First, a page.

Robot & Frank: Some Musings on Dementia

I recently went to see a film called Robot & Frank. It was set in the near future and the main storyline was about the relationship that developed between an elderly man and the robot that his son provided to help care for him and enable him to maintain his independence. It was an enjoyable and thought provoking film: well scripted and pitched, with some excellent and beautifully underplayed performances, especially from Frank Langella who played Frank.. There were lovely comic moments, it posed questions and provoked thought, and at no point did it descend into schmaltz. It was in many respects life affirming and not depressing.

Whilst I knew that the plotline revolved around an aging man with health issues who wished to remain independent and that his family were not able to personally provide the required support. I did not know before going in that the main character Frank was suffering from dementia.  As I realised this in the opening scenes, it took on a new relevance to me.

The main aim of the Antarctic Odyssey is to raise funds for Alzheimer Scotland, to support dementia sufferers and their carers within my community, and to raise awareness. Mental health issues can make many people feel uncomfortable; and because of that I believe that mental health charities are not always top of the list for fundraisers. I have seen first-hand how people can respond to mental ill health and not just dementia. Sufferers feel a stigma and unable to talk about it; and those who are not affected may try to avoid or ignore it, change the conversation, or look the other way. It is not that they are being callous or unkind: they lack information and do not feel comfortable acknowledging it or discussing it. Dementia is devastating for sufferers, family and supporters; it is degenerative and there is no cure. At the risk of sounding trite or clichéd: I see a certain synergy between the odyssey and my fundraising; in that dementia can almost be looked at as a freezing out; or likened to someone disappearing and getting lost in a frozen wasteland. But also, for carers and family, it can seem like they are being frozen out.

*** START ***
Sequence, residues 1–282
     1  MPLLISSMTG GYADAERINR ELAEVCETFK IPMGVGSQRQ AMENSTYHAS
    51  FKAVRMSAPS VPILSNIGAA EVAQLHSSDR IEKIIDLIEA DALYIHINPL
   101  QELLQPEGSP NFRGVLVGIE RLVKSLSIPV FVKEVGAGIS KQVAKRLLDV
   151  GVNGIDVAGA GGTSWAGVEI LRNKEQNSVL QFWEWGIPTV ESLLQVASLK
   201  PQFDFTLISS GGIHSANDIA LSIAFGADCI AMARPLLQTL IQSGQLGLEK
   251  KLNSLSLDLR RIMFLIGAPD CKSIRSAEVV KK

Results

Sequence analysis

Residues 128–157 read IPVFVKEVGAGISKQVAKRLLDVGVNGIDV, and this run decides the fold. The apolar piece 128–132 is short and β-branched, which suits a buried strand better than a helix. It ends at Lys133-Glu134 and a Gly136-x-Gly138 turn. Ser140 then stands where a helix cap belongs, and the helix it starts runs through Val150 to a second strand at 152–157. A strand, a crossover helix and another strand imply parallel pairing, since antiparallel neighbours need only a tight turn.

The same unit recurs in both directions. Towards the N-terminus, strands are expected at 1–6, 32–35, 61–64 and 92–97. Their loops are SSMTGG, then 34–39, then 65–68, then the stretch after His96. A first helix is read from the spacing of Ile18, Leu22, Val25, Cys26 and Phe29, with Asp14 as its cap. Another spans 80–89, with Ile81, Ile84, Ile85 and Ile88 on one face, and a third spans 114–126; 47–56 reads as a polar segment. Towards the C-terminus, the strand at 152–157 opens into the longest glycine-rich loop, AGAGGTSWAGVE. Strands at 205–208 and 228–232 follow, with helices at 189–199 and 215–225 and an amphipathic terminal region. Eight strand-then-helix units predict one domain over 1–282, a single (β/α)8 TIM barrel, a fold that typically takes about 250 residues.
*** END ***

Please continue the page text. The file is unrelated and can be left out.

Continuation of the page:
Several themes stood out for me. There were the obvious questions around robotics, sentience and anthropomorphising. Can a robot that is given data or ‘memories’ and the algorithms to create reasoning and interaction with people; and which continues to build those ‘memories’ and reasoning capabilities develop human characteristics? This is a question that has been often explored by thinkers, and writers in many philosophical papers, literature and film. But it is not one that I will tackle here. One observation, however; it is hard not to anthropomorphise, especially with a media such as fiction and film.

Another aspect that I found myself thinking about was, what is it that makes us human and distinguishes us? Is it our memories? Is that what makes us human, and if we lose those memories do we lose some of our humanity? I suppose that this links in with the robotics theorising. Having the robot with a perfect memory and almost infinite capacity to store memories play opposite a man losing him memories was a perfect vehicle to highlight this point. O perhaps it is the opposite;  it is that fragility, that possibility of slipping into dementia and losing our memories that makes us so human.

Questions were posed round the care aspect too. Frank’s condition was degenerating, episodes of anxiety and confusion were increasing, medication and meals being missed and his home descending into an untidy and dirty chaos. His life had no focus, no goal. The robot, not only kept house but prepared appropriate meals, ensured medication was taken and instituted a routine with regular exercise and projects to focus the mind. This is as you would expect from a computer. There was no arguing, a bit of reasoning, but the robot always won the argument. Frank’s daughter disapproves of this regimented and ‘uncaring’ approach to Frank’s care and well-being, in spite of the improvement in his general state and health. She returns home, switches off the robot and takes over the responsibility. In spite of best intentions chaos soon descends: inappropriate and missed meals, no exercise, no projects, untidiness; and Frank deteriorates again.  It brought to mind that much used phrase ‘killing him with kindness’. The implication being that a more detached, regimented and task driven routine was in many respects the kinder option.

Finally, the likenesses drawn between a robot having its memory wiped and re-programmed and dementia. Without wanting to give too much of the plot away, Frank finds himself having to contemplate wiping the robots memory. He is reluctant to do it, he knows all too well the pain and frustration of losing his memory and does not want to willingly inflict that on another being.  However, as the robot points out, they simply take it away and give it a new set of memories, which puts the robot in a better place than Frank. Frank cannot be simply re-programmed with new memories or even his old ones.

Robot and Frank was a, positive and life affirming take on dementia. Whilst it did not pose any questions not already asked by many, it did provoke thought in in a gentle and entertaining way, which is surely a good thing.